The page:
The UN Children’s Fund (UNICEF) has warned that Lebanon’s public water system is “on life support” and could collapse at any moment, putting 71 percent of its population in immediate risk of losing access to safe supply.
It is feared that over 4 million people including 1 million refugees are at sudden jeopardy of losing access to safe drinking water.
The UN agency stated that maintenance costs, funding shortages and the parallel collapse of the power grid, have exacerbated the rapid dismantling of the water sector.
Lebanon has been reeling since the severe and prolonged 2019 financial crisis dubbed by the World Bank as “deliberate depression”.
The country was also devastated by the August 2020 Beirut explosion largely blamed on government neglect, which killed more than 200 people and injuring thousands.
As Yukie Mokuo’s UNICEF Representative in Lebanon explains the currency collapse has translated into severe shortages of basic goods such as medicine and fuel.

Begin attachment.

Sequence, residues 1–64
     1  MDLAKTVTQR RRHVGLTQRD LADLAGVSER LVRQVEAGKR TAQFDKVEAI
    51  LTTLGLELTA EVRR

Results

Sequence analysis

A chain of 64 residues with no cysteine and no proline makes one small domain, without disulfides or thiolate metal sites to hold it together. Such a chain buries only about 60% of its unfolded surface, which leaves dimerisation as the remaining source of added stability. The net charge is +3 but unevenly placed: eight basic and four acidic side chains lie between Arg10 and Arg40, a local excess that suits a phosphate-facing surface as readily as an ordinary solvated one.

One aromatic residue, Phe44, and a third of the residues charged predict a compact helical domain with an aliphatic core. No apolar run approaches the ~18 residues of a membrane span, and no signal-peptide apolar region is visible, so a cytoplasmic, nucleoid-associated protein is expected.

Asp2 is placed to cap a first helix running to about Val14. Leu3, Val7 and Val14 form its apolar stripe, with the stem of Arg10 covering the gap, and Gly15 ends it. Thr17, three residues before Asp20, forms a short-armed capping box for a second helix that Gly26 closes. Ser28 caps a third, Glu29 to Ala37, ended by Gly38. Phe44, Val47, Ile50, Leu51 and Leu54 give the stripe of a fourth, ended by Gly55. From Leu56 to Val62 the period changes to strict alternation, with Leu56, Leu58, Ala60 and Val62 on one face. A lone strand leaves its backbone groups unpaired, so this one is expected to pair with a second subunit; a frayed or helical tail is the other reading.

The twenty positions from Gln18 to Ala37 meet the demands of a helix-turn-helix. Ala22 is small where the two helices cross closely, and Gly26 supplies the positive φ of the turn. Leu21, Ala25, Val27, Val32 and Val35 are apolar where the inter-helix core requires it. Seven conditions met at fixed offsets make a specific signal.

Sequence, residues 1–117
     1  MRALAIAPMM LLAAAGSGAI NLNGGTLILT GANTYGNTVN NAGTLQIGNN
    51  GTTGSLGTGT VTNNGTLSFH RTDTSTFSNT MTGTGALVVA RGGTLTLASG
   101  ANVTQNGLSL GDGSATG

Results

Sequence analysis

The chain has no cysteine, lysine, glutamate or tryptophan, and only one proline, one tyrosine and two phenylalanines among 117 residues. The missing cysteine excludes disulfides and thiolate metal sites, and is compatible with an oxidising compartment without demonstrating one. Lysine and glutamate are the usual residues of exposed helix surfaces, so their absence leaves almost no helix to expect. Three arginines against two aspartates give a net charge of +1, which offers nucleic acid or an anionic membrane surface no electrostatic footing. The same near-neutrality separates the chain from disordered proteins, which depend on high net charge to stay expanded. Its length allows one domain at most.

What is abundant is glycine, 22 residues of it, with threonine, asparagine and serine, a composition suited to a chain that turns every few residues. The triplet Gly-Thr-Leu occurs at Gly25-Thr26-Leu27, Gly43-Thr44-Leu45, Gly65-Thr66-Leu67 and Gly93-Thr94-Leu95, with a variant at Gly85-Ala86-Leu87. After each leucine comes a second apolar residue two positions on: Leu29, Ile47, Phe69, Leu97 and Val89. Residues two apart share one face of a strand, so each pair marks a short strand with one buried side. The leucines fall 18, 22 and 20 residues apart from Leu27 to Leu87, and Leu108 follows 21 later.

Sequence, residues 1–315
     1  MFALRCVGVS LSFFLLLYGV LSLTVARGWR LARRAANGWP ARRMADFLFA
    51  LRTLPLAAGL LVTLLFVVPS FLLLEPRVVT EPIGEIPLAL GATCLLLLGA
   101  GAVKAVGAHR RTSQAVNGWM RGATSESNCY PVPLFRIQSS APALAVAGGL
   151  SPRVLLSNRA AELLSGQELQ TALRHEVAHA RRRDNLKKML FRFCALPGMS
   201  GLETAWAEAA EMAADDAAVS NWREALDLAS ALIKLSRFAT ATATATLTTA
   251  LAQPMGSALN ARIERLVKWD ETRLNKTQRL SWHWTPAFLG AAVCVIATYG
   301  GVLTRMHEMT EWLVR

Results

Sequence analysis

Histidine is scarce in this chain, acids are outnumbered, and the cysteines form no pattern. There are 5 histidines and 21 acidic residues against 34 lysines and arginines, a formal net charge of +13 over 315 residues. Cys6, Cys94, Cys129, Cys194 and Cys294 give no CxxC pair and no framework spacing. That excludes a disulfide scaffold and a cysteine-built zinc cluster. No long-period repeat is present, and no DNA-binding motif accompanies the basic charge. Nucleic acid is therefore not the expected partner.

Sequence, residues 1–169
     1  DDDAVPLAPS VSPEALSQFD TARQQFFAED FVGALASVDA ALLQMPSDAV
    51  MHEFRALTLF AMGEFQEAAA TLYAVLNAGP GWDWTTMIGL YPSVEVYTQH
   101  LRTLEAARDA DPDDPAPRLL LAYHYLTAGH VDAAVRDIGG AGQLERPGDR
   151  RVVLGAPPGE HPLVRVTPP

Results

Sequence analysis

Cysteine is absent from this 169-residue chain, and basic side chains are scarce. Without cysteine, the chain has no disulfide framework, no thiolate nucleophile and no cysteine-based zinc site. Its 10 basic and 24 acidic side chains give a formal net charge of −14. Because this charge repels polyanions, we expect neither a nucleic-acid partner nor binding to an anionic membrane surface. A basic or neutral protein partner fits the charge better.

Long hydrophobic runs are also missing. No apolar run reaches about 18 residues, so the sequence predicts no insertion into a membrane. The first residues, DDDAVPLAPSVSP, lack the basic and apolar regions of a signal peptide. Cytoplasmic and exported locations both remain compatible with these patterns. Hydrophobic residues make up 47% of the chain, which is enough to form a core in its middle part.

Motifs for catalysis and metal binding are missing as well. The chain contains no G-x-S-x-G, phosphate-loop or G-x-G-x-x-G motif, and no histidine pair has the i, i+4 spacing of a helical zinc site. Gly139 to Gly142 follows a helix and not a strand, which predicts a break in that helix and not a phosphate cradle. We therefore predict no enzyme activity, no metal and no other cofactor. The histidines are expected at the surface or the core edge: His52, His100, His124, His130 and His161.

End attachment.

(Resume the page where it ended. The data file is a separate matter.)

“Unless urgent action is taken, hospitals, schools and essential public facilities will be unable to function,” said Ms Mokuo.
It is anticipated that most water pumping will gradually cease in the next four to six weeks.
The water issue is yet another cascade of challenges, nevertheless, it may be one of the most pressing. Unless urgent action is taken, millions will be forced to resort to unsafe water sources.
“A loss of access to the public water supply could force households to make extremely difficult decisions regarding their basic water, sanitation and hygiene needs,” said Ms Mokuo.
Despite Lebanon being abundantly surrounded by natural water resources, population growth, as well as the influx of Syrian refugees, have placed a significant strain on the country.
Without access to clean water, there are significant risks to community welfare, health and safety concerns within Lebanon.
“Hygiene would be compromised, and Lebanon would see an increase in diseases. Women and adolescent girls would face particular challenges to their personal hygiene, protection and dignity without access to safe sanitation,” explained Ms Mokuo.
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